If You Were Only White explores the legacy of one of the most exceptional athletes ever—an entertainer extraordinaire, a daring showman and crowd-pleaser, a wizard with a baseball whose artistry and antics on the mound brought fans out in the thousands to ballparks across the country. Leroy “Satchel” Paige was arguably one of the world’s greatest pitchers and a premier star of Negro Leagues Baseba...
File Size: 4572 KB
Print Length: 374 pages
Publisher: University of Missouri; First edition (May 27, 2012)
Publication Date: May 27, 2012
Sold by: Amazon Digital Services LLC
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While I agree mostly with Larry Lester's comments about adding new information not found in other publications and closing some historical gaps, what bothered me about Professor Donald Spivey's writing is he let his admiration of Paige show through i...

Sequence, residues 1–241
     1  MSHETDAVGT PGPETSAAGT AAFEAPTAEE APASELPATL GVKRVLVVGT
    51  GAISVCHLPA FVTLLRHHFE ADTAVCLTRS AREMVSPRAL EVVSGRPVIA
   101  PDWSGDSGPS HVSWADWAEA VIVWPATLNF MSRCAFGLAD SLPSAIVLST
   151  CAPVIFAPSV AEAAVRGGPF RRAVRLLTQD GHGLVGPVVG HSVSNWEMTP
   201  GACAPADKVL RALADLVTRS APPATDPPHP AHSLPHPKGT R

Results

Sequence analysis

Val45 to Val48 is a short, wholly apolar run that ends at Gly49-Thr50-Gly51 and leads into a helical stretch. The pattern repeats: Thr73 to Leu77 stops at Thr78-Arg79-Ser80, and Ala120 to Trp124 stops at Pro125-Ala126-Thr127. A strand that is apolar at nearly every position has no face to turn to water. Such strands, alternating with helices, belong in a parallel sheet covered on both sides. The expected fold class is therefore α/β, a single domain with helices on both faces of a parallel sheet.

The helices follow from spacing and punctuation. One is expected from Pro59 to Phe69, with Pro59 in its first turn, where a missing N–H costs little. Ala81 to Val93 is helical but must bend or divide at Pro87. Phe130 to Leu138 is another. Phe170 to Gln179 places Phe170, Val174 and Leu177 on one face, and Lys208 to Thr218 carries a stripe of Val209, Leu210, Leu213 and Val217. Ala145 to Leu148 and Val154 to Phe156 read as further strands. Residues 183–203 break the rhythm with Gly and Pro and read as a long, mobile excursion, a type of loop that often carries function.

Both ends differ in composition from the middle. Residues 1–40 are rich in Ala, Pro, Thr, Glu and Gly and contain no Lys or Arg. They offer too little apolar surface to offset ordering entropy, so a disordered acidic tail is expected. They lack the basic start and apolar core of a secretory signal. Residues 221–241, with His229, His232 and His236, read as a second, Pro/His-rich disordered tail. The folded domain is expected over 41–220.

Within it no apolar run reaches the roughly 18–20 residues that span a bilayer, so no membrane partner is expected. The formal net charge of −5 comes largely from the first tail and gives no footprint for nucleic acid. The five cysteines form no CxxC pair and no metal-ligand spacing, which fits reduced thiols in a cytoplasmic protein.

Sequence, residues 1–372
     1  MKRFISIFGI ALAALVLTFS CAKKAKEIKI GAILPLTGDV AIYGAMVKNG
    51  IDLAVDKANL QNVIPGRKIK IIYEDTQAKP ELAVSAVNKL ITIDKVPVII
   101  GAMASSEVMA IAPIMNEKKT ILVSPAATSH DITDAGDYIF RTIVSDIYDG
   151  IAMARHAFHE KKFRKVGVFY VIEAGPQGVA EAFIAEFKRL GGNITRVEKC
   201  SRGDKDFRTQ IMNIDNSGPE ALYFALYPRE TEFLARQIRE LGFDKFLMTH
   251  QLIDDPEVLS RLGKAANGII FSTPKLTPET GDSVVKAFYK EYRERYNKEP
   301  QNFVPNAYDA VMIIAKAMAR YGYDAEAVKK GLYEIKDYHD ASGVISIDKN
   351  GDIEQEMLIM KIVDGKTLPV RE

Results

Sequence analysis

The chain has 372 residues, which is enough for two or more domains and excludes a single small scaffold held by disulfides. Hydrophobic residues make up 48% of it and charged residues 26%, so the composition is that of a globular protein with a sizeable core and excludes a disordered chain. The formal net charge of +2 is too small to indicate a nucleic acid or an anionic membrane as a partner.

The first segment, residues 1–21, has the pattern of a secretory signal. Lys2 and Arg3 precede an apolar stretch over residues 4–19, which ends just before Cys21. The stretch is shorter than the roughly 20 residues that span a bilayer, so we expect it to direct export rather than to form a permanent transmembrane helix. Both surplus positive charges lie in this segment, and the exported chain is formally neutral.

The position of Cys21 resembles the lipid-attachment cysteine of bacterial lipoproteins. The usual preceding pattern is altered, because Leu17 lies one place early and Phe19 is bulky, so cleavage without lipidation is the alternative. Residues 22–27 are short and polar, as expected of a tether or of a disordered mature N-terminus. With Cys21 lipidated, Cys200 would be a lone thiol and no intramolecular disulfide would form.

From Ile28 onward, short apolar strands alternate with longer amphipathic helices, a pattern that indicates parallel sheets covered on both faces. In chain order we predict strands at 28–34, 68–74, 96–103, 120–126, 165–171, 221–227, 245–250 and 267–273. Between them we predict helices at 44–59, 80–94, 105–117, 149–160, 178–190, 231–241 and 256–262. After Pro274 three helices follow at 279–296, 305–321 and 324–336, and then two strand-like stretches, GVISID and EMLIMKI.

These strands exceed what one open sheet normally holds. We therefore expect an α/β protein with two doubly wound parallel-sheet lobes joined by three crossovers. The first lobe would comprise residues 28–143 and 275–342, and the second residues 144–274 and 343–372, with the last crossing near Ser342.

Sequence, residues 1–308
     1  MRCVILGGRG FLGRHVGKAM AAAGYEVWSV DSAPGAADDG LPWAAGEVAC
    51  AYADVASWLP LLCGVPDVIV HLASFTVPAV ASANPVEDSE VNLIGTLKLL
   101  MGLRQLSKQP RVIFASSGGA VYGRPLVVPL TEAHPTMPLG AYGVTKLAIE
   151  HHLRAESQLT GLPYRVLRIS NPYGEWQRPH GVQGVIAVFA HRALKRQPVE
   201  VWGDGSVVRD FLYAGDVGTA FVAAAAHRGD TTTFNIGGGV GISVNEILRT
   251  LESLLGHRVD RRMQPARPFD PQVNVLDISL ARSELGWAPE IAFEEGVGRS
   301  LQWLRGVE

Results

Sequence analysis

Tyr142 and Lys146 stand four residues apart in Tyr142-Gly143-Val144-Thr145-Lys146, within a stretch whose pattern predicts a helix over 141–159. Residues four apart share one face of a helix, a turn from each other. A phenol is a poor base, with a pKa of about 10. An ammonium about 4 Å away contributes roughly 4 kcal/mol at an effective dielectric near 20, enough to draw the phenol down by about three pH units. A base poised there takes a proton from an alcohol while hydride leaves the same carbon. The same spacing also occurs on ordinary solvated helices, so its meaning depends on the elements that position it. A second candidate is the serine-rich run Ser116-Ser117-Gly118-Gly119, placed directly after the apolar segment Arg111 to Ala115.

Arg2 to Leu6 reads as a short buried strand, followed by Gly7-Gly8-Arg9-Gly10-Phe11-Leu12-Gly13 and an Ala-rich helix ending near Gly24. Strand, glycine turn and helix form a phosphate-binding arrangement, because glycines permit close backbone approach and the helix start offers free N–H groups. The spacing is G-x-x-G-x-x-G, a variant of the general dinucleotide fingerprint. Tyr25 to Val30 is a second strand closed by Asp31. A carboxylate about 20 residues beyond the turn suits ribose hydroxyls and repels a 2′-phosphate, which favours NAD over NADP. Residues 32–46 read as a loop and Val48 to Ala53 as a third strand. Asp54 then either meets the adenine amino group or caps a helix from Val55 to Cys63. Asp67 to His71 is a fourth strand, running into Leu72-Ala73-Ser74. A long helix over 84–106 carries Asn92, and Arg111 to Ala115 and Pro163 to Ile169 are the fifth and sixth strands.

this biography Donald Spivey reveals Paige to have been much more than just a blazing fastball pitcher.Spivey follows Paige from his birth in Alabama in 1906 to his death in Kansas City in 1982, detailing the challenges Paige faced battling the color line in America and recounting his tests and triumphs in baseball. He also opens up Paige’s private life during and after his playing days, introducing readers to the man who extended his social, cultural, and political reach beyond the limitations associated with his humble background and upbringing. This other Paige was a gifted public speaker, a talented musician and singer, an excellent cook, and a passionate outdoorsman, among other things.Paige’s life intertwined with many of the most important issues of the times in U.S. and African American history, including the continuation of the New Negro Movement and the struggle for civil rights. Spivey incorporates interviews with former teammates conducted over twelve years, as well as exclusive interviews with Paige’s son Robert, daughter Pamela, Ted “Double Duty” Radcliffe, and John “Buck” O’Neil to tell the story of a pioneer who helped transform America through the nation’s favorite pastime.Maintaining an image somewhere between Joe Louis’s public humility and the flamboyant aggression of Jack Johnson, Paige pushed the boundaries of segregation and bridged the racial divide with stellar pitching packaged with slapstick humor. He entertained as he played to win and saw no contradiction in doing so. Game after game, his performance refuted the lie that black baseball was inferior to white baseball. His was a contribution to civil rights of a different kind—his speeches and demonstrations expressed through his performance on the mound.